Design and synthesis of non-peptidic thiosemicarbazone derivatives as inhibitors of cathepsins L and K.
Access changed 2/25/15.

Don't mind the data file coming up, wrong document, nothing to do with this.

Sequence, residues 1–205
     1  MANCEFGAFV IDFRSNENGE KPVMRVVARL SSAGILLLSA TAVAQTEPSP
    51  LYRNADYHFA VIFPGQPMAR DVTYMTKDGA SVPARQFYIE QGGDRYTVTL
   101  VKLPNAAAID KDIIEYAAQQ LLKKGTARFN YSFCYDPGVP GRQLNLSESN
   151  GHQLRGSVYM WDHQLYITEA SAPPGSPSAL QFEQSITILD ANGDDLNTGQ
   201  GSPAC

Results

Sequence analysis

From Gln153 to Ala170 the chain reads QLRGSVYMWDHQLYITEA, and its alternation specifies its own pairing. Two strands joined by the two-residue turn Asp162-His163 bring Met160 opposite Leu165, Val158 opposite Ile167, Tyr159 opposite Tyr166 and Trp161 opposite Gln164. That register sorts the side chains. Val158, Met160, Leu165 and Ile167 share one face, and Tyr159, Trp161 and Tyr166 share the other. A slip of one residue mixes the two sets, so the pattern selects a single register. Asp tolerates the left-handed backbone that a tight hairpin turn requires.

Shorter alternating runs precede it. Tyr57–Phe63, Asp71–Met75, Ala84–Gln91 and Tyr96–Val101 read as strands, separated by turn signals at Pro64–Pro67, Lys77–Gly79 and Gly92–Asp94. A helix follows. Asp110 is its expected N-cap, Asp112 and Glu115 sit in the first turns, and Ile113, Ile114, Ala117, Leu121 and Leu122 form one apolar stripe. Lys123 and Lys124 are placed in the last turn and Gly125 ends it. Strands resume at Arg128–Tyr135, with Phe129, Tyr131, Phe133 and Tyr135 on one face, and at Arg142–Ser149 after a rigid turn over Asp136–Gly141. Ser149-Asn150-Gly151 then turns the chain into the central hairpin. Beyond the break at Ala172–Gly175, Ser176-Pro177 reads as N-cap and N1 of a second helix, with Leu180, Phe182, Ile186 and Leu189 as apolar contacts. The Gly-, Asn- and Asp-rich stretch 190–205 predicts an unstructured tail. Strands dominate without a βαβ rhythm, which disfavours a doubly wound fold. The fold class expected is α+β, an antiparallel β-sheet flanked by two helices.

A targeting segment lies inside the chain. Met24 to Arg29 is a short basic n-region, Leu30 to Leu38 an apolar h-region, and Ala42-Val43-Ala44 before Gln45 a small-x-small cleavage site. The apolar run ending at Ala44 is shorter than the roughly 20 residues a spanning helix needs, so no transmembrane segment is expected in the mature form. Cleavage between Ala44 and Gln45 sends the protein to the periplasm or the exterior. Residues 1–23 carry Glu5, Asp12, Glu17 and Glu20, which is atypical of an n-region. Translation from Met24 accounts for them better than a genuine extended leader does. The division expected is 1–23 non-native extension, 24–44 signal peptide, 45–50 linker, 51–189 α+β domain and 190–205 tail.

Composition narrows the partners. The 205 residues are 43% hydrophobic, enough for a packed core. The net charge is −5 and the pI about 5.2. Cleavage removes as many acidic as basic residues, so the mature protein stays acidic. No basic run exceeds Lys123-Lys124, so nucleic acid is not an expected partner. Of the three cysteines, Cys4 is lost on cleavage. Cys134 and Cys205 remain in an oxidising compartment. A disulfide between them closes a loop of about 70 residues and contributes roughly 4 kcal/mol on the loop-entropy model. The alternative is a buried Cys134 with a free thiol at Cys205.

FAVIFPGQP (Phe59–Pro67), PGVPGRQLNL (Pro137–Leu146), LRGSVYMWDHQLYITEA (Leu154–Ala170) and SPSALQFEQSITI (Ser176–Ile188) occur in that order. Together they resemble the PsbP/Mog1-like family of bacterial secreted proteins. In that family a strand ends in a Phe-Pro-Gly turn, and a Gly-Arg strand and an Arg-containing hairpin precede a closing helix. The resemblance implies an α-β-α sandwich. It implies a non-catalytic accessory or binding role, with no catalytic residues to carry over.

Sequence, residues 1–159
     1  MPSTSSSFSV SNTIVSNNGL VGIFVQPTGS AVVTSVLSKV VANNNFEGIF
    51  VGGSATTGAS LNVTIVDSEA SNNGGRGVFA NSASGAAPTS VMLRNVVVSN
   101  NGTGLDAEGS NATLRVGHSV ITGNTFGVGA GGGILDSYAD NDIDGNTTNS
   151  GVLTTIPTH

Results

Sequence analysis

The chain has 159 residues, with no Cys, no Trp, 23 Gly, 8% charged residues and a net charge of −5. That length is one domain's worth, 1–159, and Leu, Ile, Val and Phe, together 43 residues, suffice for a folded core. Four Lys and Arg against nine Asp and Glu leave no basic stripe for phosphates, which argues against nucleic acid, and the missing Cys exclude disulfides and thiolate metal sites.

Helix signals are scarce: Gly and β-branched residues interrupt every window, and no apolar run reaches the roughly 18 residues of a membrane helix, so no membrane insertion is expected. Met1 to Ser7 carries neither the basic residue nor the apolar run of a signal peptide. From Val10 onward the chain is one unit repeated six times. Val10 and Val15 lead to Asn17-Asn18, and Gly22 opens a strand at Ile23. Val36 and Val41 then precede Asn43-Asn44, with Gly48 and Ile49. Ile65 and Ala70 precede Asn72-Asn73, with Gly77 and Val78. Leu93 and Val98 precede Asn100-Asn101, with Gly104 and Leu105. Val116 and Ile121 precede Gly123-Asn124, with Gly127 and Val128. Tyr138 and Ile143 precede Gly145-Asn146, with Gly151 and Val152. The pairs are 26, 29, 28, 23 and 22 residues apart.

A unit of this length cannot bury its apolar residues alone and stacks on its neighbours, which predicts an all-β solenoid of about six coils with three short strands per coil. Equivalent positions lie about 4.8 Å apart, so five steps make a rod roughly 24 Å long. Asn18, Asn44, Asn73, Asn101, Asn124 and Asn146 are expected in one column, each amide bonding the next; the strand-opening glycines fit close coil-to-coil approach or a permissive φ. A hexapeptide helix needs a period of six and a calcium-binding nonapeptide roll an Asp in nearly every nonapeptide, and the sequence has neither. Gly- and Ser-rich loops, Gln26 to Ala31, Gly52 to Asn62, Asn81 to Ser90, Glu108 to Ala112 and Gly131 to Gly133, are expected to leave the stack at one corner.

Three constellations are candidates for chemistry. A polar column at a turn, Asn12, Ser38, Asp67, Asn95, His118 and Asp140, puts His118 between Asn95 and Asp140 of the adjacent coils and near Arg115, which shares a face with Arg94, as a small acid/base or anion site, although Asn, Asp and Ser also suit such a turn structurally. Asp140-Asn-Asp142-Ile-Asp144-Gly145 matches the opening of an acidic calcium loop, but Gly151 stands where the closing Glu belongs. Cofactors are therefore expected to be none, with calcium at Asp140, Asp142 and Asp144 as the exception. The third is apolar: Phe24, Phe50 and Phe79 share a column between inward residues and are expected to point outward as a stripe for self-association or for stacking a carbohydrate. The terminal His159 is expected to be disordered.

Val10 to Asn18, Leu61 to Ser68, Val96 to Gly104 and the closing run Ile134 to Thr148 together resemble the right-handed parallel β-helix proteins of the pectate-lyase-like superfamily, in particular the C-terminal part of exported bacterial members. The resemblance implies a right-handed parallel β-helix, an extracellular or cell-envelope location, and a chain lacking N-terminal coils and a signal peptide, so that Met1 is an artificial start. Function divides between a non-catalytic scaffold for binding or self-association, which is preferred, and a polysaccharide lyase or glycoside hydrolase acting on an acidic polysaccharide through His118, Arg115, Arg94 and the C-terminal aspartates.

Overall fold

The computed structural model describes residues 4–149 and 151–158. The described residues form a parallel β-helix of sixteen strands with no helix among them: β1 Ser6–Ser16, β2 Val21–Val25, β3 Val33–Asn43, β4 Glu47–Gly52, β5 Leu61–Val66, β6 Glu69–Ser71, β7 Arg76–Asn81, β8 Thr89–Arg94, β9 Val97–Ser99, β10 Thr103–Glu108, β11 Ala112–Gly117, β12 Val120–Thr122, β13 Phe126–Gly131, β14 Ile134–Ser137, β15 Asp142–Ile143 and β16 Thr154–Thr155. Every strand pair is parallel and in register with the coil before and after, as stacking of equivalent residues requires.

Cathepsin L, a member of the lysosome cysteine proteases, is ubiquitously expressed in tissue and is responsible for protein turnover. An overexpression of cathepsin L by certain tumor types is associated with enhanced tumor expansion through degradation of the extracellular matrix and the invasion and migration of cancer cells. Therefore, the inhibition of cathepsin L has emerged as a therapeutic strategy against metastatic cancer. Cathepsin K is involved in osteoclastic bone resorption because it is selectively expressed in osteoclasts and is capable of degrading bone matrix. In this project, a small library of thiosemicarbazone derivatives containing thiochromanone, 2,3-dihydroquinoline-4-one, and dibenzoylbenzene scaffolds has been successfully designed and synthesized as potential inhibitors of cathepsin L and other homologous cathepsins (B and K). Through a collaborative study, ten compounds from this library were found to be potent inhibitors (IC50 < 300 nM) of cathepsin L, and nine compounds were potent inhibitors of cathepsin K. None of these inhibitors showed activity against cathepsin B. For example, 6,7-difluorothiochromanone thiosemicarbazone 4 (IC50 = 46 nM) was the most potent inhibitor against cathepsin L from this group, while the 6-trifluoromethyl derivative 28 (IC50 = 21 nM) was the most potent inhibitor against cathepsin K. Structure activity relationship (SAR) studies centered on the thiochromanone thiosemicarbazone scaffold demonstrated that electron-withdrawing functionalities, incorporated primarily at the 6-position of the thiochromanone scaffold, showed good inhibition against cathepsin L in comparison to related analogues bearing electron-donating groups. Collectively, these results expand the known SAR regarding molecular structures and their inhibitory activity against cathepsins L and K.